For now, research and development continues while stakeholders try to identify the sweet spot where there are enough users and enough roadside devices to enable the system to work as intended. “Right now, it is a chicken-and-egg sort of thing,” says Piotrowicz. “Vehicle makers don't want to install communication devices in cars and trucks if the intersections aren't equipped to provide enough information to make them useful to drivers. On the other hand, there is no sense installing an elaborate roadside communication infrastructure if vehicles aren't equipped to take advantage of it. For example, in order for a signal timing system to work well, it requires a lot of equipped vehicles passing by, not just one every now and then.”

“My own view is that we are on the front edge of deploying a truly integrated ground transportation technology,” offers Propp. “I think we will go through a period of complexity and then evolve to where there is a very simple, common user interface. I have a poster on my wall showing the development of historical communications systems, such as voice. Today nobody thinks very much about how those systems evolved, what it took to get where they are today. The development of integrated transportation technology will be the same.”

On board

Nick Cappa, manager of advanced technology communications for DaimlerChrysler, is a man who loves his job. Cappa spends his days working on new onboard communications technologies for vehicles and says it an exhilarating time to be in his field. “I really enjoy my job,” he offers. “It is such an exciting time to be in the automotive industry. We are doing things now that seem like Star Wars.”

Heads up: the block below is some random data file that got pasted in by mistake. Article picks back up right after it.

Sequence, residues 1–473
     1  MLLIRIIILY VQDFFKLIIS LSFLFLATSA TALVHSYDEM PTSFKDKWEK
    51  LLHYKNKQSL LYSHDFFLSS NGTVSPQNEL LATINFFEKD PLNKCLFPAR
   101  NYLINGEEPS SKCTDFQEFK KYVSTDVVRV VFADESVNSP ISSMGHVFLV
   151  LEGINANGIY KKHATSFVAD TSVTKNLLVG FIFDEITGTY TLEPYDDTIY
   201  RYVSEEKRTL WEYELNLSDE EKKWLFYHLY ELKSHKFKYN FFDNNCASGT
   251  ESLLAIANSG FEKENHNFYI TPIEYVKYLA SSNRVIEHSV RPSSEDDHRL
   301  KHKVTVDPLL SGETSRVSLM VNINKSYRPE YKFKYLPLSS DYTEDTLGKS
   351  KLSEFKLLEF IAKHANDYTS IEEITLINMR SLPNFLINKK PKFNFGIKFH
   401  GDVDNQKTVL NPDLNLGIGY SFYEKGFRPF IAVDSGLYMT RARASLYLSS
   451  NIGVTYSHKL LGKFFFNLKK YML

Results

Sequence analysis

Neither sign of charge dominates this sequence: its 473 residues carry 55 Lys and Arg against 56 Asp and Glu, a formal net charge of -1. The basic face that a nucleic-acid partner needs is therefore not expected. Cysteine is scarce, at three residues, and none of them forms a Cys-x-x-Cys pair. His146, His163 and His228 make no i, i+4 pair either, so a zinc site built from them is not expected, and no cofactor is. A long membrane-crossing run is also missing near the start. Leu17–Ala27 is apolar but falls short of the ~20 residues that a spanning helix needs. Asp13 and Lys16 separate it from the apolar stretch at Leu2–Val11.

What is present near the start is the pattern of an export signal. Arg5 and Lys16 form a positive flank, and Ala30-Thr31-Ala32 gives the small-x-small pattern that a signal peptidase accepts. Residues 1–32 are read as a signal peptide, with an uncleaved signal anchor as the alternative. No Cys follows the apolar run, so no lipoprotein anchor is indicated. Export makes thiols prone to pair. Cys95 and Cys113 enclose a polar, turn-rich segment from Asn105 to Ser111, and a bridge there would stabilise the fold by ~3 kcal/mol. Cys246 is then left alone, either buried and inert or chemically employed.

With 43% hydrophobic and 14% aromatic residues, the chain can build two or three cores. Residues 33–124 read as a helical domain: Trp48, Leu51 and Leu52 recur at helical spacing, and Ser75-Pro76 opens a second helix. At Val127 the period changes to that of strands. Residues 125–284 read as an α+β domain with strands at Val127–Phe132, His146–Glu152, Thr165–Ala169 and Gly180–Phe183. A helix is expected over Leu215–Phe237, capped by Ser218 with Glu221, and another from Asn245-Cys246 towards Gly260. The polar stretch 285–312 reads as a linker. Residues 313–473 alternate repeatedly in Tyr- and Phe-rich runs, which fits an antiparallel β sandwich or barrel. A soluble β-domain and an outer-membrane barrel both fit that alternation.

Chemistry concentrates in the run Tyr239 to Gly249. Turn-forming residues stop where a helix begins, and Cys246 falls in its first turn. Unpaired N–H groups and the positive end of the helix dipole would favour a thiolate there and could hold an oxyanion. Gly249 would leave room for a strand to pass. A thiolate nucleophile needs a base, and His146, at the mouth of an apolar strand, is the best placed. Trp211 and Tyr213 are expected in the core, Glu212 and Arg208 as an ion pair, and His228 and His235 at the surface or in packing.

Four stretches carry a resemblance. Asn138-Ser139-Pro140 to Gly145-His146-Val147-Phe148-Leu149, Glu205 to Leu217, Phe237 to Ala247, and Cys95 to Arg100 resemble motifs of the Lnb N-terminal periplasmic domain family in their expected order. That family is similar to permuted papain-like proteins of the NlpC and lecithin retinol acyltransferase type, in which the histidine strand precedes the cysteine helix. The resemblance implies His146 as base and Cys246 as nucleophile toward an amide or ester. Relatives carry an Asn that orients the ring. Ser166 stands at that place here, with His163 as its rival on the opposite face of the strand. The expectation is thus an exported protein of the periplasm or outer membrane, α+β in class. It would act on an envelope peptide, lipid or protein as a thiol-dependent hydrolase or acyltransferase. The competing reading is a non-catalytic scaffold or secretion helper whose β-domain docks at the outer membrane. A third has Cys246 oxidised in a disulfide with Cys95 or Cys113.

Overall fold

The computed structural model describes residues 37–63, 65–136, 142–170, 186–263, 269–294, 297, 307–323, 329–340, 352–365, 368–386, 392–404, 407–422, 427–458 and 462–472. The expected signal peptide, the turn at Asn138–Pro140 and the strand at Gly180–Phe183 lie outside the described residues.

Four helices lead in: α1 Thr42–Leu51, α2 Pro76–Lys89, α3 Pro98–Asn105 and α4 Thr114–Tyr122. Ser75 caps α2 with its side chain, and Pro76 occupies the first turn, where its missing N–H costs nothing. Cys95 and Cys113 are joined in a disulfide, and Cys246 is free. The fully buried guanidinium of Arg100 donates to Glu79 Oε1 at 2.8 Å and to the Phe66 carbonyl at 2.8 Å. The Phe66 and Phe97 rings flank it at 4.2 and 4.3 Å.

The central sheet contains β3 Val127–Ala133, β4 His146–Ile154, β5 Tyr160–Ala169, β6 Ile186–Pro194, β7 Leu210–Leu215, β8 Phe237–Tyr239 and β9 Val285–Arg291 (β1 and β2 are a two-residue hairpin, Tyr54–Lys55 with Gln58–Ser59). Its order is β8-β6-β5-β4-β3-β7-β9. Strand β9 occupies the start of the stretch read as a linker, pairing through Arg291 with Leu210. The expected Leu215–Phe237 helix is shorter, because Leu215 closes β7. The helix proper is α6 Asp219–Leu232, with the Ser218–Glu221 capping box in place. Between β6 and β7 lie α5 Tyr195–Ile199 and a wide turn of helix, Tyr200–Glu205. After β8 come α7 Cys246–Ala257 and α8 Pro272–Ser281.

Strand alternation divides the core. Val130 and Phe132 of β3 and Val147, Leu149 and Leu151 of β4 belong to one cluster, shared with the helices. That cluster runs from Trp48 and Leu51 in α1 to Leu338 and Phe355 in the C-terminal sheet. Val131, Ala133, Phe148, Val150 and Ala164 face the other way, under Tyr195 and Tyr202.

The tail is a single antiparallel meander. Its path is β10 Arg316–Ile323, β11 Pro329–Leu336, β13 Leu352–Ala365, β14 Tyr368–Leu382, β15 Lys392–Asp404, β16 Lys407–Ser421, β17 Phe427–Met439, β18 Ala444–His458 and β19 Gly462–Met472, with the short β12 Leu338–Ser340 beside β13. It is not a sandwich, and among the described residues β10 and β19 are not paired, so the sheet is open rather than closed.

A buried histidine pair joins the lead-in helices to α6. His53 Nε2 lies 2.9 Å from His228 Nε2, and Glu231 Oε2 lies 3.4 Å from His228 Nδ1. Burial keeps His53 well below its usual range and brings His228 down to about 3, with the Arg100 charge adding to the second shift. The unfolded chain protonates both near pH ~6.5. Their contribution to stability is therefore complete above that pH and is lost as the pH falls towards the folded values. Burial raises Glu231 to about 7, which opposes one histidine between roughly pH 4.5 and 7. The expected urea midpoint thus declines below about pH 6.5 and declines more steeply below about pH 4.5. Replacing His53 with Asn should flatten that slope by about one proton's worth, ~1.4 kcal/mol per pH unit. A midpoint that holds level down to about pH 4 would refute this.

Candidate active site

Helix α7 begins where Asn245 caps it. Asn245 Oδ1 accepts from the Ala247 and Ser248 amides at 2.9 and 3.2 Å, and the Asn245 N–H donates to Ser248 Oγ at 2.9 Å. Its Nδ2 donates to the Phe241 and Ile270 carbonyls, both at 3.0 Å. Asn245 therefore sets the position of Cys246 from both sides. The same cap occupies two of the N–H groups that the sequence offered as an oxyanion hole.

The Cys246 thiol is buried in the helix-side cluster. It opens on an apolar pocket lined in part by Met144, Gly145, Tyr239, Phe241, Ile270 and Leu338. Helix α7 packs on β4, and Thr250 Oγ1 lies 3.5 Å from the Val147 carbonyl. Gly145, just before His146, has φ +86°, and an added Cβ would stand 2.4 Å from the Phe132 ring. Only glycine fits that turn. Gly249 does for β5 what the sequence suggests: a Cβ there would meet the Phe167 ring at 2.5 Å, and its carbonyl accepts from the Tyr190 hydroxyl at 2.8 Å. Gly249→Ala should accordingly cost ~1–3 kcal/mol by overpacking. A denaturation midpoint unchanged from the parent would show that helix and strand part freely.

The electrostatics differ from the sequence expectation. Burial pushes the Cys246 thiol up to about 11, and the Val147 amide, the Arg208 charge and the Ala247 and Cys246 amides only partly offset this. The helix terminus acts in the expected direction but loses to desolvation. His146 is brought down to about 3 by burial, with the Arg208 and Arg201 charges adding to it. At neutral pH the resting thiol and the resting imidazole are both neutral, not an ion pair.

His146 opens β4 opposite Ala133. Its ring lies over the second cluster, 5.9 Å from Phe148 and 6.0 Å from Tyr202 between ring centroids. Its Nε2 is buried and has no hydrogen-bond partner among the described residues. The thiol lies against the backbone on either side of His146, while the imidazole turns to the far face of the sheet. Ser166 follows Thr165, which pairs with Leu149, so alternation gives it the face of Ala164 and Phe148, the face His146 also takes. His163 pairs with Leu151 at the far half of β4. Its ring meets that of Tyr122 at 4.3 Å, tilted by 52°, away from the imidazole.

DaimlerChrysler is a member of the consortium working on DOT's Vehicle Infrastructure Integration (VII) initiative to enable vehicle-to-vehicle and vehicle-to-roadway communication over a dedicated short-range radio link dubbed DSRC (Dedicated Short Range Communication). “We are involved in VII because we see it as a next step for increased safety and mobility,” says Cappa. “There are now three different test locations in the U.S. — in Michigan, California and Florida.”

The potential applications for VII are what really inspire Cappa. “Suppose you are driving through a heavy fog bank,” he says, “and you get a message that a vehicle ahead of you, which you can't even see yet, has deployed an airbag. DSRC technology could give you time to respond safely.

“Another application is the mobile Construction Zone Warning,” Cappa says. “Workers at a construction site could put up an antenna that would send out a programmed message to vehicles approaching, such as ‘left lane closed ahead for construction.’ Vehicles that receive the message could automatically relay it to vehicles behind them.

“The technology could also be used when vehicles are on an unavoidable collision course,” he says. “The vehicles could instantly send information back and forth about factors such as vehicle weight, angle of approach, and closing speed that would be automatically used by each vehicle to deploy airbags in the best possible way to save lives.”

As beneficial as this new technology could be, one issue that invariably comes up is individual privacy. “It is very important for your readers to know that all this communication takes place anonymously,” notes Cappa. “It is absolutely not for doing things like monitoring the speed of individual drivers and remotely issuing tickets, for instance. Right from the beginning, vehicle manufacturers in the VII consortium have been adamant about communication privacy and anonymity as a condition of participation.”

Although automakers have been taking the lead in the VII initiative, the technology has applications across the entire vehicle population, including commercial trucks, according to Cappa. “This is like hybrid technology,” he observes. “Over time, it will migrate across the entire vehicle line.”